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State Tax Credit News Briefs - July 2017

Georgia House Bill 73 (Act 205) was effective May 8. The bill amends the Official Code of Georgia Annotated, to provide a tax credit to certified entities and investors that promote the revitalization of vacant rural Georgia downtowns through investment, job creation and economic growth in long-established business districts. The bill is applicable to all taxable years beginning with 2018. A business that establishes a new location or expands its operations in the revitalization zone on or after Jan. 1, 2018, and creates at least two full-time equivalent jobs will be eligible for a tax credit of $2,000 per full-time job created with a maximum of $40,000 per taxable year. An investor that develops a property inside the revitalization zone will receive a tax credit of 25 percent of the investment property purchase price, not to exceed $125,000 as long as an eligible business is located in the property and maintains at least two full-time jobs. Both an investor and an existing business can get a rehabilitation tax credit for 50 percent of the qualified expenditures, not to exceed $75,000. All tax credits are for five-year periods, and have to be prorated over the five-year period. The credit is sunsets Dec. 31, 2027.

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Tennessee House Bill 844 was signed into law and effective May 2. The bill provides that the commissioner of revenue will report annually to the members of the Finance and Ways and Means Committees of the Senate and the House of Representatives. The report will list the number of taxpayers claiming the franchise and excise tax industrial machinery credit, the total amount of credit claimed, the number of jobs created during the fiscal year as reported by the taxpayer, if the credit is awarded based on jobs created, the total amount of credit carried forward from a prior tax year and the nature of business of the taxpayers claiming the credit. The commissioner will report no later than Jan. 1, 2018, and by Jan. 1 of each subsequent year for tax periods ending during the previous fiscal year. 

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The Virginia State Board of Social Services approved amended regulation 22 VAC Section 40-41-30 for the allocation of neighborhood assistance tax credits, effective June 15. The section now reads that in any years where the available tax credits exceed the prior year’s available credit, the excess will be allocated to organizations that did not receive allocations in the preceding year. In addition, if the amount of credits requested by organizations not receiving allocations in the preceding year is less than 10 percent of the excess, then the unallocated portion will be allocated to other approved organizations. The amendment was introduced to conform to the new legislative language of the Code of Virginia regarding excess credits.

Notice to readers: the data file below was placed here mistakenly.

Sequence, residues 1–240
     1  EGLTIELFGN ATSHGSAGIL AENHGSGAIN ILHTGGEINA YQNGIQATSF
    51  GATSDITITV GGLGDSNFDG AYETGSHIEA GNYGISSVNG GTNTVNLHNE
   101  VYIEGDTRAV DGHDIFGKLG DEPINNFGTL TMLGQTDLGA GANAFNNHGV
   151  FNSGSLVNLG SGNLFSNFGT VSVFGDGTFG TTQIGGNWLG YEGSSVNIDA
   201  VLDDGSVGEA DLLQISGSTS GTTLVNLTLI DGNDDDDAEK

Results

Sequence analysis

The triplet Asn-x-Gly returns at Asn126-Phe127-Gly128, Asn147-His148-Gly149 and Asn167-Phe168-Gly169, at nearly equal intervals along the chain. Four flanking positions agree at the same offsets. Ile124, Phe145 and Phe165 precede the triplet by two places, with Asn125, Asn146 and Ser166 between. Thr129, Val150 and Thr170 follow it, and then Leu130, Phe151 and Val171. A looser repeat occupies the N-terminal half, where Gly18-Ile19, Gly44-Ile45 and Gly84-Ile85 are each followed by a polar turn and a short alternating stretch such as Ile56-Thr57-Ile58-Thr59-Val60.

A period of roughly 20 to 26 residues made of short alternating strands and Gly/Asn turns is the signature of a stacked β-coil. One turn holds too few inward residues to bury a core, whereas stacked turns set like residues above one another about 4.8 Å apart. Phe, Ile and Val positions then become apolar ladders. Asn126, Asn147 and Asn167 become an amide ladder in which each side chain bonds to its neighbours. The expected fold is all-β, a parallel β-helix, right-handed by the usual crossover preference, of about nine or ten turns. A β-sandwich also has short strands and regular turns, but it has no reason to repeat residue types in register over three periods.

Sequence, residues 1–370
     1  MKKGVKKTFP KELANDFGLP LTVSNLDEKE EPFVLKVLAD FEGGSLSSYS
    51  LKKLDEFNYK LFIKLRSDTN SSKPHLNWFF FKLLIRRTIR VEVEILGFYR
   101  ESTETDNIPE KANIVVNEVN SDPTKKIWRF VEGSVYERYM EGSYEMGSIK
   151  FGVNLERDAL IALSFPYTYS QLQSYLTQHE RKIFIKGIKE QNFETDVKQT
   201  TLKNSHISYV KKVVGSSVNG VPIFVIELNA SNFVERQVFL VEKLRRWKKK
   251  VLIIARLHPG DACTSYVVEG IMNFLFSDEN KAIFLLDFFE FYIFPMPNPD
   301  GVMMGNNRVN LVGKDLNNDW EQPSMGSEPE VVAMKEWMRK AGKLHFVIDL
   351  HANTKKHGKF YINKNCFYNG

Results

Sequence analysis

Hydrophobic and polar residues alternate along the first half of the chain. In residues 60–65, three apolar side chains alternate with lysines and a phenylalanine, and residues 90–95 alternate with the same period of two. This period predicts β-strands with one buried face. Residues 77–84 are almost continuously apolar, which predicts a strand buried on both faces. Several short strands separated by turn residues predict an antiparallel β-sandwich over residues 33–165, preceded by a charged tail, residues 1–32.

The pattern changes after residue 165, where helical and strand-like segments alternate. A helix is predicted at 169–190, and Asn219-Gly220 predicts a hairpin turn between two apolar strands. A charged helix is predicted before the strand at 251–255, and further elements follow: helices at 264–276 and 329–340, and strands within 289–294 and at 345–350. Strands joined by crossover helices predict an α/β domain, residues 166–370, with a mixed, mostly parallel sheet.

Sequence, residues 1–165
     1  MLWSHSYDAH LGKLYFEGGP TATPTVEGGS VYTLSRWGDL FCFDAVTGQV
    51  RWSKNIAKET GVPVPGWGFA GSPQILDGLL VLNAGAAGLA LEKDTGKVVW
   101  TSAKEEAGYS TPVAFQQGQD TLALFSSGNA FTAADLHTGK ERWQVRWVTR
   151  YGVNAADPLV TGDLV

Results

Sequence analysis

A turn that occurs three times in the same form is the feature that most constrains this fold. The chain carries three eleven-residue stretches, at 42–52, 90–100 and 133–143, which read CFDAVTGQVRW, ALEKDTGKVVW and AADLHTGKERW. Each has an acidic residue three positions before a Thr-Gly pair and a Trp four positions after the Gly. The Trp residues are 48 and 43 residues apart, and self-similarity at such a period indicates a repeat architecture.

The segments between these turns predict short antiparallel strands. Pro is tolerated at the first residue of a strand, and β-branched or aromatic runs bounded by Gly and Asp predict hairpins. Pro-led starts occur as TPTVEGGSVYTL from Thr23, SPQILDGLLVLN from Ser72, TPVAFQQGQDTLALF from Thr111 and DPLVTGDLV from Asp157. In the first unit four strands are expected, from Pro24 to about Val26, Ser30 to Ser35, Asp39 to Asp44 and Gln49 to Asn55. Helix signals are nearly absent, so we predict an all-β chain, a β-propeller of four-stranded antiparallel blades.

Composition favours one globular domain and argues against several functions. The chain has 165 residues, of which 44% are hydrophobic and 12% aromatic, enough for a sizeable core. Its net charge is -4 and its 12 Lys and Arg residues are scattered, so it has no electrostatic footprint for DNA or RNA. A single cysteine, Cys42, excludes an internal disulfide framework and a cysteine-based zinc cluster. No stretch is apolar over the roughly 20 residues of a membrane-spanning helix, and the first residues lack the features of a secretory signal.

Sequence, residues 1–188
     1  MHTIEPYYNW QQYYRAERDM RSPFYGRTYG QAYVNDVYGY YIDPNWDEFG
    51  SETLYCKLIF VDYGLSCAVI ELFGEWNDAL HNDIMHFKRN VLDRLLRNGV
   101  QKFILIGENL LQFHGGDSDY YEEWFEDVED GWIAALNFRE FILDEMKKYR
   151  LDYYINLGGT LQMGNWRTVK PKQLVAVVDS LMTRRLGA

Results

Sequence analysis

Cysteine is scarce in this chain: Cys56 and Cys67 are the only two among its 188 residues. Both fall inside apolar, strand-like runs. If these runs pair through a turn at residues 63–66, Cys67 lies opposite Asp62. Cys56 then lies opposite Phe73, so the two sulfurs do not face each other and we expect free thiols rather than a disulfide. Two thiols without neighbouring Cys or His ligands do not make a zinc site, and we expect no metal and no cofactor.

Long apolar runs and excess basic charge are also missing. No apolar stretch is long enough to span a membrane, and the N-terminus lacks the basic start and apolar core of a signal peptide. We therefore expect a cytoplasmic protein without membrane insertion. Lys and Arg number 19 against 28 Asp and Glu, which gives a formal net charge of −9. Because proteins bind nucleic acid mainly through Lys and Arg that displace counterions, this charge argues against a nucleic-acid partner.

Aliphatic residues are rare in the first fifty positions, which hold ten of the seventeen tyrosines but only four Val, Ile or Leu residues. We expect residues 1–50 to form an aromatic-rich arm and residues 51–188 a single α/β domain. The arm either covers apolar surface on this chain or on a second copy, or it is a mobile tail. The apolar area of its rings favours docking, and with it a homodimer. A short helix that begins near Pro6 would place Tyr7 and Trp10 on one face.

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Iowa Senate Bill 488 amends the workforce housing tax incentives program. The bill is effective July 1 and requires allocations to certain housing developments in small cities and increasing the allowable average apartment cost and the percentage of investment for tax incentives for these developments. To receive workforce housing tax incentives, a proposed housing development in a small city must have two or more single-family dwellings and include development at a greenfield site. A small city is any city or township located in Iowa, except those located within the 11 most populous counties in the state. A housing business may claim a tax credit in an amount not to exceed 20 percent of the qualifying new investment. In allocating tax credits, $5 million must be reserved for allocation to qualified housing developments in small cities that are registered on or after July 1. Tax incentives for small cities will be issued on a first-come, first-served basis until the maximum amount of the allocation reserved for small cities is reached.

Journal Category:

State Tax Credits

Authors:

Novogradac

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